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Proc Natl Acad Sci U S A. 1973 Jun;70(6):1753-6.

Evidence for a monoclonal origin of human atherosclerotic plaques.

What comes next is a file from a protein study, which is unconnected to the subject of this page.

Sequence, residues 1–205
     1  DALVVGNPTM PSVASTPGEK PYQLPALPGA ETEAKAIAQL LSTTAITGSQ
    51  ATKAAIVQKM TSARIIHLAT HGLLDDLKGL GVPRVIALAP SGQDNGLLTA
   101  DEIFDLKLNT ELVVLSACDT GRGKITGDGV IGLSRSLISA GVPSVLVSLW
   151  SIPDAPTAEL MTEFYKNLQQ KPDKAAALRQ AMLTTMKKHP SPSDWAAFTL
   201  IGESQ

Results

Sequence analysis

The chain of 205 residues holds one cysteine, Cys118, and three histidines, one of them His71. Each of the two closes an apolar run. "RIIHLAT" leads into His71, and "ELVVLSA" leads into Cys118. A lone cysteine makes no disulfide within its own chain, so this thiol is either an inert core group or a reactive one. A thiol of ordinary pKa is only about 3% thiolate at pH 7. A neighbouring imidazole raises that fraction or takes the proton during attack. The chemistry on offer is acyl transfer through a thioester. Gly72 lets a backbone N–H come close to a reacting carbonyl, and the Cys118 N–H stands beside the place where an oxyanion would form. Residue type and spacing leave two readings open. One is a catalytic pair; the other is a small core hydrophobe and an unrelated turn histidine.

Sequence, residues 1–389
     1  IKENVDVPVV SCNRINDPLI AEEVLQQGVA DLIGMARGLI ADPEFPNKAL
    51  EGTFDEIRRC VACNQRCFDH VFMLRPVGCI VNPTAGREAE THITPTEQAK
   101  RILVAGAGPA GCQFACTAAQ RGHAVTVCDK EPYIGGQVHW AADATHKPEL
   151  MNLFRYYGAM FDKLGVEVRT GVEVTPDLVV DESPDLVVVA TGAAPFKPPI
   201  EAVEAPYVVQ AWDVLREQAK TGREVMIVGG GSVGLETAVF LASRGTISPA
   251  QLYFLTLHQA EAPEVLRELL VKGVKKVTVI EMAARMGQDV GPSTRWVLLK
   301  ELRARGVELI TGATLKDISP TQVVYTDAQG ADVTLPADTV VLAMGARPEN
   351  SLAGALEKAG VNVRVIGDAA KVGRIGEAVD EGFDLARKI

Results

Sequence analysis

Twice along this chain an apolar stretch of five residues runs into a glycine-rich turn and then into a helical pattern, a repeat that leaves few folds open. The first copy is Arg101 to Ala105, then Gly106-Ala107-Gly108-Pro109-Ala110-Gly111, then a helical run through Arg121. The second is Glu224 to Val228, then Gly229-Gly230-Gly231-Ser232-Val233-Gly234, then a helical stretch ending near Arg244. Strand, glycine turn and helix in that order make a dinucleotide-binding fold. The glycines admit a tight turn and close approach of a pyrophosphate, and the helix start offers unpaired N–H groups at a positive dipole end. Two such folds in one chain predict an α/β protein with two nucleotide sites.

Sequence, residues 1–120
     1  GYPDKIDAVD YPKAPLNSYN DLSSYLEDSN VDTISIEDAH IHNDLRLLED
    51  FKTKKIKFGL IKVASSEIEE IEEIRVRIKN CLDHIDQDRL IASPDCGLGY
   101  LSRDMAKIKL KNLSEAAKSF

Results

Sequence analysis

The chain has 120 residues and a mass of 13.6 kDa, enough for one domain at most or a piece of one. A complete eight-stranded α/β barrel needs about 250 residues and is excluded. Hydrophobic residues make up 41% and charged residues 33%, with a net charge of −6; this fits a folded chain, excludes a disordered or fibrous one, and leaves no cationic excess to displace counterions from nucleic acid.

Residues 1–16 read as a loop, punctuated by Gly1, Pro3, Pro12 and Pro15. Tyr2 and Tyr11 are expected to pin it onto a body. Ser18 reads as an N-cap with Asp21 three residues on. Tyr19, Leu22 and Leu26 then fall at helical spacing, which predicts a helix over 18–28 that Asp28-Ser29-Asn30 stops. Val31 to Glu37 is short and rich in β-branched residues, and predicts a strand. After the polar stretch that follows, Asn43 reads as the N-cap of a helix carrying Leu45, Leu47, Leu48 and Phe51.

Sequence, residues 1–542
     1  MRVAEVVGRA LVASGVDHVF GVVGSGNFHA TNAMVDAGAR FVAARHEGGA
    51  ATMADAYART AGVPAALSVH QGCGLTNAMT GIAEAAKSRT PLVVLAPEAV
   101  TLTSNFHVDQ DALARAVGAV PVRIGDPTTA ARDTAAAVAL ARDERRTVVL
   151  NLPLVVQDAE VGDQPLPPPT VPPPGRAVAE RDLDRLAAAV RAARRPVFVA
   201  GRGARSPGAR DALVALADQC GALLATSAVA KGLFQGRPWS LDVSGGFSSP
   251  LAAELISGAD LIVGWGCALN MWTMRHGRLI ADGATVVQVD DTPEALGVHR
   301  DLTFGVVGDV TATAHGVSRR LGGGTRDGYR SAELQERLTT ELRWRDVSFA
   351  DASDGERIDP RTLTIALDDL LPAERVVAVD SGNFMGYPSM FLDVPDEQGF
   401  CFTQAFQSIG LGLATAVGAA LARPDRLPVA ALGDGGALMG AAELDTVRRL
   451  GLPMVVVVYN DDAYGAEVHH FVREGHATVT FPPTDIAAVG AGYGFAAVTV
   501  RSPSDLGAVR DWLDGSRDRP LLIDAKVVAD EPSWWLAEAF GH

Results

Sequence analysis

The main cellular elements of atherosclerotic plaques are smooth muscle cells. Because these plaques differ from their precursors in the underlying artery wall in several ways, we have asked the question: Are human atherosclerotic plaques polyclonal or monoclonal in their origin? The X-linked glucose-6-phosphate dehydrogenase (EC in heterozygotic females has been used to obtain an answer. 30 Plaques of different degrees of complexity and 59 samples of normal aorta and iliac artery walls from four females, 25-79 years old, were investigated. The data show that fibrous caps even of relatively large atheromatous plaques, 0.5 cm or greater in diameter, are composed of cells that produce solely or predominantly one enzyme type, whereas samples of artery wall media and intima as small as 0.1 mm(3) are regularly composed of a mixture of cell types. If plaques were a response to injury akin to a healing wound, a reaction to a growth stimulant, or formed due to an organization of a mural thrombus, they would be expected to be polyclonal. Hence, the results imply that atherosclerotic plaques in human beings arise by another mechanism. The mechanism compatible with the monoclonal nature of atherosclerotic plaques is mutation, and the likely causes are chemical mutagens or viruses.

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